The privilege of aging | Lifestyle.INQ

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M y cardiologist, who sees me every six months, sometimes oftener, told me the root of all my problems, from top to bottom, from inside and out, is aging. Now my ophthalmologist, who has just removed cataracts from both eyes, hints at the same thing—although many of my friends had theirs removed when they were younger. A dear aunt had it done at 92, and her recovery was slower.

Indeed, from some point onward, age makes one increasingly vulnerable to just about everything. I won’t even go into possible complications. Anyone in my age group who has been asked to sign a waiver before going into any kind of medical procedure knows what I’m talking about.

So, what can we do—battle aging and go down fighting or surrender and just let it happen? Mercifully, there’s a happy compromise: Win some, lose some. Anyway, whichever attitude one takes won’t change the predictable ending. Such is the cycle of life—and the beauty of it as well. Believe me, nobody wants to live forever, but neither is anybody rarin’ to go just yet.

To look at mortal life as all tragedy because it has to end is to succumb to the pains and setbacks from which one could well rise again to enjoy further joys and triumphs and carry on to earn the privilege of aging.

Up-and-down ride

Life, after all, is an up-and-down ride, regardless of age. But, at this point, the hardships of the past, the so-called tragedies, are to me just as precious as the good times; given the benefit of experience that makes for context, I see them as part of my victories.

A wise priest said, “When I prayed for strength, God gave me difficulties. When I asked for wisdom, He gave me problems to solve.”

Aging progressively, I thought I would need guts more and more just to look at myself in the mirror. But remembering what my dad, who lived to 91, said was a decided lift. He was convinced aging was proof of God’s sense of humor.

We should be grateful for everything that comes. Something good inevitably comes out of every difficulty, even to the very end. I feel more relaxed and less fearful now, and not because I’m more or less financially secure, but because old age has come as a pleasant surprise. Part of that package is the realization of how little one needs to be content and happy, and there, in that divine sense of generosity, lies God’s divine sense of humor.

After aging comes the transition from this life to the next, and for that to happen, human life has to end. Meantime, it increases its value as it is lived, as one negotiates its twists and turns to earn the limitless possibilities that are unique to everyone. All of us of about the same age who are going through this process now are most likely already friends or could easily, and should, become friends. We share the same memories and values.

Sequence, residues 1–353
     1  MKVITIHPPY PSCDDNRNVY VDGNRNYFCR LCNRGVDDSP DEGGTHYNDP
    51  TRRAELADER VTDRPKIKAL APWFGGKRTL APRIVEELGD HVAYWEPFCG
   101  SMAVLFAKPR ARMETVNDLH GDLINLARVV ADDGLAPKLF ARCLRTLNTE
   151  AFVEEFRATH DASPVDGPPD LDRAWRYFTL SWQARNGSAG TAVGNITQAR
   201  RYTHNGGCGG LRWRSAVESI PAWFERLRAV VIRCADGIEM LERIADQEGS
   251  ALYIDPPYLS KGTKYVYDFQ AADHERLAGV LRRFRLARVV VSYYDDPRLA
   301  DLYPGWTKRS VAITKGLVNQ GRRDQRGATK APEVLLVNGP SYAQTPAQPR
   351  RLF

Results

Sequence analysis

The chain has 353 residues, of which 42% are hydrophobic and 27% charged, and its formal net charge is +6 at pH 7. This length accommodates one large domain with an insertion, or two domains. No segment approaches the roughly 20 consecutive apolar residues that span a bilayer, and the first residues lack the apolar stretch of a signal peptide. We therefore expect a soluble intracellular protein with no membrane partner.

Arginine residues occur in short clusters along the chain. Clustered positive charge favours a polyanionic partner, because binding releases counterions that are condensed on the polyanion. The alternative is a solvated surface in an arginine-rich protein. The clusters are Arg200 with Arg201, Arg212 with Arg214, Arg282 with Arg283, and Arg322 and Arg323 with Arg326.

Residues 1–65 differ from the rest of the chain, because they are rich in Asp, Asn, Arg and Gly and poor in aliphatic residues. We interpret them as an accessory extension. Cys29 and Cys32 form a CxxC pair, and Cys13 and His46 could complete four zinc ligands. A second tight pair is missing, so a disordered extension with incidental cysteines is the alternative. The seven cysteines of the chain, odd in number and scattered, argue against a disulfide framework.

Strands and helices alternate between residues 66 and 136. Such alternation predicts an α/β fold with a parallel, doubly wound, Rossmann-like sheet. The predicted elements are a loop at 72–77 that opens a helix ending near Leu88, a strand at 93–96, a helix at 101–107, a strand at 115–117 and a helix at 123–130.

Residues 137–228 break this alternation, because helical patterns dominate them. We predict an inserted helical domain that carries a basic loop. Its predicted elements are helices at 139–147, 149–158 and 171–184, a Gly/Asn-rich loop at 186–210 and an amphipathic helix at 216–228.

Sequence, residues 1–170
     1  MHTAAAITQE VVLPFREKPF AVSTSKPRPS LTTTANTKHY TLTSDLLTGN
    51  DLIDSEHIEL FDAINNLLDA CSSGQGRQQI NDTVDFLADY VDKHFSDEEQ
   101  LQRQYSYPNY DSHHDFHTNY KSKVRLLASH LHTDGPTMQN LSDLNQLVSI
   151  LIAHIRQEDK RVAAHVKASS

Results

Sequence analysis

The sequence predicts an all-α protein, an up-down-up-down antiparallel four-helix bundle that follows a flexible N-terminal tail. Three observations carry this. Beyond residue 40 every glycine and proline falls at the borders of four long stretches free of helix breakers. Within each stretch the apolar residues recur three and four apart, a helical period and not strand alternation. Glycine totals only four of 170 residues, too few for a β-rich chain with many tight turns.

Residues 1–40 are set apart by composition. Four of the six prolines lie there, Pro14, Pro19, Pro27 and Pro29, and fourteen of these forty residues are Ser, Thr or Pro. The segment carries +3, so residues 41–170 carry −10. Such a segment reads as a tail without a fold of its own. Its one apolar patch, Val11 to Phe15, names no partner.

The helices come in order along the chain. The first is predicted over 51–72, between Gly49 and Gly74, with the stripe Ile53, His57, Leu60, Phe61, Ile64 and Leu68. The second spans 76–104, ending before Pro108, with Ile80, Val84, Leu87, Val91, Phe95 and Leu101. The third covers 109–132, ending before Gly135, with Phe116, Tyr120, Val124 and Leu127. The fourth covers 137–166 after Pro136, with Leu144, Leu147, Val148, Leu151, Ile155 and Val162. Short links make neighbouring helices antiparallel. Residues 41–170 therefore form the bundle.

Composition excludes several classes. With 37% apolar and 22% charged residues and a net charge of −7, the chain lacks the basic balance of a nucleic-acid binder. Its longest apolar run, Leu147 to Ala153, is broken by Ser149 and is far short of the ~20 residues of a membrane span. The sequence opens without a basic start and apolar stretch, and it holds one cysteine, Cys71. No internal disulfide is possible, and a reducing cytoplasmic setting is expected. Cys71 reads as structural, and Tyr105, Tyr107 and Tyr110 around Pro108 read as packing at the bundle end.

My best fight

Arguably, we lived in better times, when life was simpler and safer than it is today, when the world community was smaller, the people fewer, when the competition for resources was friendlier. Where we lived, everybody knew everybody. The gap between rich and poor was hardly noticeable; as a nation, we had reason to be proud.

I’m happy enough I’m aging here in my own country. I can’t even imagine aging anywhere else, even if this country is a far cry from what it used to be—or what it could be. Had I aged elsewhere, I probably would not have made it in relatively good condition to 83, which I will be next month. What falls apart next I’ll know soon enough, and I’ll take care of that, too.

Meanwhile, with my husband’s consent, I’ve let my hair turn silver, although I may add some lowlights to cushion the shock to friends and fans. I’ve also gone easy on myself, perhaps a little too much last Christmas, but I’m given three months to bring down my sugar count sans medication, and I’ll give my best fight, for sure.Quality of life is what’s life’s all about, after all, and that means adopting a welcoming attitude, but also dieting, exercising and taking your medications. Having my lab tests and getting my checkups every six months are now routine. My latest results showed some red flags, but my doctor remains reassuring: “That’s part of aging. We are battling viruses and allergies all the time. Through God’s mercy we are still winning.”

In any case, my cholesterol count was normal and my main organs are functioning unremarkably. I don’t need one of my prescribed heart medicines anymore. I’m not exactly on a roll, but I will do what needs to be done.

With my husband setting the alarm, I’m putting two kinds of eye drops, five minutes apart, every four hours on my newly done right eye. Other people have it tougher, but everything evens out in the end. It’s easier to be brave at 83, secure in the thought that God remains as merciful and as considerate as He has always been to this once certified coward. INQ





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